Graphically, the glance is fully satisfied of the work done and here too the epic goes hand in hand with the methodology of the graphic rendering. Mount Olympus, imposing, in the background: stands out among flashes of light and chiaroscuro. The gods, luminous: but in that light, in the expressions of the face, something cracks their certainty and the presumption of their victory. The majesty of the game environments: beyond an altogether limited exploration, the attention to detail and the environmental representation itself denotes the accurate mythological reconstruction. The colors and lighting are well balanced, even if tending towards darkness: but it is a minimal detail that fails to bother. The graphics are excellent, almost like the style: especially if we think that the game was initially released on PlayStation 3, not on Playstation 4. But the revision work? This must also be seen.
Remastered in name, but in fact?
The issue of remasters is an uncomfortable chapter in current gaming history. A question arises spontaneously, and must arise: was it necessary to review the third chapter of the story of Kratos, alone, after just five years from its appearance? Maybe. This is debatable. But there isn't much to argue about the fact that a reissue must always see rework worthy of the name: everything needs to be updated. The sound, the graphics, the small errors that were there at the beginning. Re-proposing a product already seen, as it was, is incorrect. Where does God of War 3 Remastered fit into all of this? Halfway. Replaying God of War is always enjoyable, no matter what chapter it is. But bringing it to PlayStation 4 also means stimulating the player to expect something that wasn't there before. A graphic improvement that is evident. A remastering of the sound sector worthy of the name. There was something, but nothing particularly significant. God of War 3 thrives on the fame that rightfully earned the same title on PlayStation 3, with the addition of a new graphics in 1080 px.
The PlayStation 4 version does not welcome other obvious improvements. Nice to look at, but not as good as it was five years ago. Nice to hear, but with the flaws that existed five years ago. The voices of the characters are sometimes lost. Kratos, despite his brutality, always seems to whisper. There was something about the uploads, much faster, never invasive; and there is a panoramic mode for taking photos. But was there really a need to put the Spartan in a pose to post his photo on social networks? Wouldn't it have been better to work harder and clean up the rooms or make the upgrade menus more accessible? It is up to you to decide whether or not you need the product. If you've already played God of War 3 on PlayStation 3, maybe forty euros for a greeting you won't want to spend it.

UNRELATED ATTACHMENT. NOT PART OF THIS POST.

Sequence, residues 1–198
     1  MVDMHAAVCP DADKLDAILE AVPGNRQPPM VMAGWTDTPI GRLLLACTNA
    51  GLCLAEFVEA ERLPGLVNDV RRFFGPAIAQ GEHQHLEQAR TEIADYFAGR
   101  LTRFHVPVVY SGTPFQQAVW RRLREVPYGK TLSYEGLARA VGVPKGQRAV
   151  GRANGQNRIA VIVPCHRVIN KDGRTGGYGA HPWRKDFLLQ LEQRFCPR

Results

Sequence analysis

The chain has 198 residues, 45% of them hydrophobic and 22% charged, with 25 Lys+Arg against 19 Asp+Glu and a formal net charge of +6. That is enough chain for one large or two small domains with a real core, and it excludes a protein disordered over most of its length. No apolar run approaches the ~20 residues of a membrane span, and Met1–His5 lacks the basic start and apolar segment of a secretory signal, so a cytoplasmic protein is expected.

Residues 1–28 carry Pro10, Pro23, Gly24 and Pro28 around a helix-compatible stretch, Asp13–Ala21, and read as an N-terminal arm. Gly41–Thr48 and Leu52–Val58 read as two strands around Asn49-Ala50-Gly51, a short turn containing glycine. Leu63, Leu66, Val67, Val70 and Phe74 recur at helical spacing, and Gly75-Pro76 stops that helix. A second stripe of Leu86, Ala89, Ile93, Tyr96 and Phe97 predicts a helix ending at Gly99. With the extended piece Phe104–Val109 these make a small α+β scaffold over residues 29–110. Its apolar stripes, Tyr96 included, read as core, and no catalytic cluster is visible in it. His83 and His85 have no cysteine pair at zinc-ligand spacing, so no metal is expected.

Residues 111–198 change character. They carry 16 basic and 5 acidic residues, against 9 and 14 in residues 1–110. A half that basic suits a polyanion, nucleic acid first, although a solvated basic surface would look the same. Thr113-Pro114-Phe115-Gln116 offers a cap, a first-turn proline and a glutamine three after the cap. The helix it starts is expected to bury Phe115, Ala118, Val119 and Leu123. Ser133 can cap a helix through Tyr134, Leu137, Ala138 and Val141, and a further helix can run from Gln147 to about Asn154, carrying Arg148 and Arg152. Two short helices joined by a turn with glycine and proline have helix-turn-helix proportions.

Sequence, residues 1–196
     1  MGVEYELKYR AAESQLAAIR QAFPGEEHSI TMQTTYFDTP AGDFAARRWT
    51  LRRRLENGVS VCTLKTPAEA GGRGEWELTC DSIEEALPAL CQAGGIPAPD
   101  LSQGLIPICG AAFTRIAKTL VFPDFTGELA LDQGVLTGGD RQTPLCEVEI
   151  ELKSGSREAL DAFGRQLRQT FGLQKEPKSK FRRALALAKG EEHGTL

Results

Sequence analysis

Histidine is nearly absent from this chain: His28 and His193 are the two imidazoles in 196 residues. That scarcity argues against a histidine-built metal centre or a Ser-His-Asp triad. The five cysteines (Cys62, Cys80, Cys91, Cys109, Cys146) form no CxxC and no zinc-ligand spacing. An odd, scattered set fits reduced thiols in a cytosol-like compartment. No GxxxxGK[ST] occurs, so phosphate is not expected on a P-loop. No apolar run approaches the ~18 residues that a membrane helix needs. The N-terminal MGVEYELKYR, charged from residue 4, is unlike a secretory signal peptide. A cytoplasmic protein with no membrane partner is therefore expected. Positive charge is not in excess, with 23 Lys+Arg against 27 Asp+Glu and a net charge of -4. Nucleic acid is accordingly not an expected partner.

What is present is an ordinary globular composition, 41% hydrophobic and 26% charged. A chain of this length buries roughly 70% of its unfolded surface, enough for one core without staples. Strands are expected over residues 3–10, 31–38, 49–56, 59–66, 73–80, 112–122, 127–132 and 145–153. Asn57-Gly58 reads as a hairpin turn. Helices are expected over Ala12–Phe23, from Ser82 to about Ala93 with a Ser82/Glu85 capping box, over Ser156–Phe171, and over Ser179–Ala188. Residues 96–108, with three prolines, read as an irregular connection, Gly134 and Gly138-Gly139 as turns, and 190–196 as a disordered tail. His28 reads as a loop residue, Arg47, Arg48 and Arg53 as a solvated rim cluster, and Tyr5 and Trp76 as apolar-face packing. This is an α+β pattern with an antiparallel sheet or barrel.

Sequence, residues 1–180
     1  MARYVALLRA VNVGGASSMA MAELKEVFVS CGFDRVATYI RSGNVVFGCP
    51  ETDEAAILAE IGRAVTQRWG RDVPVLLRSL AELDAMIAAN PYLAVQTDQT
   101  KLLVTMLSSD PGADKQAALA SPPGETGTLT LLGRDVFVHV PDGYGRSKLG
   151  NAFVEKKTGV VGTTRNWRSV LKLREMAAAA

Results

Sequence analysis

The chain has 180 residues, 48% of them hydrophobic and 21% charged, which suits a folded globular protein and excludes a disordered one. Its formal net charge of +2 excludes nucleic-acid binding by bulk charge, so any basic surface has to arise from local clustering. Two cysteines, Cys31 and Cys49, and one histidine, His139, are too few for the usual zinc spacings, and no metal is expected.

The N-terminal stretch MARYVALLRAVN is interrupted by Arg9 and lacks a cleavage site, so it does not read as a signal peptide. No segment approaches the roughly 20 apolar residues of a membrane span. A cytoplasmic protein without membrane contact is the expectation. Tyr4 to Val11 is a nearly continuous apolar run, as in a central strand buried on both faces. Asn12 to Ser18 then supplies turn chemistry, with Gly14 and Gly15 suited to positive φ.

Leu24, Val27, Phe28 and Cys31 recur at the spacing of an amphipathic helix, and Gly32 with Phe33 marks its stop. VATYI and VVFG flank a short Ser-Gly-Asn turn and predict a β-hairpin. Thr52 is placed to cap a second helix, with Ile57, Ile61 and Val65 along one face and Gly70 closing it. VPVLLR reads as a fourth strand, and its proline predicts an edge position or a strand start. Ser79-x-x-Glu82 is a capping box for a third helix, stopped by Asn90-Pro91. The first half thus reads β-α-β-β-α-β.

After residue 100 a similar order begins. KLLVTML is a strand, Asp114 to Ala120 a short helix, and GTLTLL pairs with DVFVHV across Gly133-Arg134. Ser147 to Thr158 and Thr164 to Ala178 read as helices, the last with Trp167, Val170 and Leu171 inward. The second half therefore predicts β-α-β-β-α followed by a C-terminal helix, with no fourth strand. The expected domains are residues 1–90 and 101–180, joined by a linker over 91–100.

God of War 3 Remastered it's the God of War 3 you should have played five years ago. Something has been changed, but nothing to justify a reissue. All those who have already played it will therefore have a Hamletic doubt to resolve: "to buy or not to buy?". Those who skipped it in their time, or never had the opportunity to enjoy his adventures, don't waste time: Kratos is ready, and he needs a partner. A final note on the final vote is a must: if we were to evaluate the game itself, without knowing that it is a remastering, then the vote would be without too many problems. 90. Full promotion. If, on the other hand, we must, and indeed we must, evaluate a remastered, the vote drops. To be exact, it comes down to what you see.
- Bad, violent, brutal, intelligent. The game, I mean.
- Difficult and satisfying at the right point
- Expected but interesting storytelling
- A little too linear
- Remastered, but in name only
|Overall rating: 80|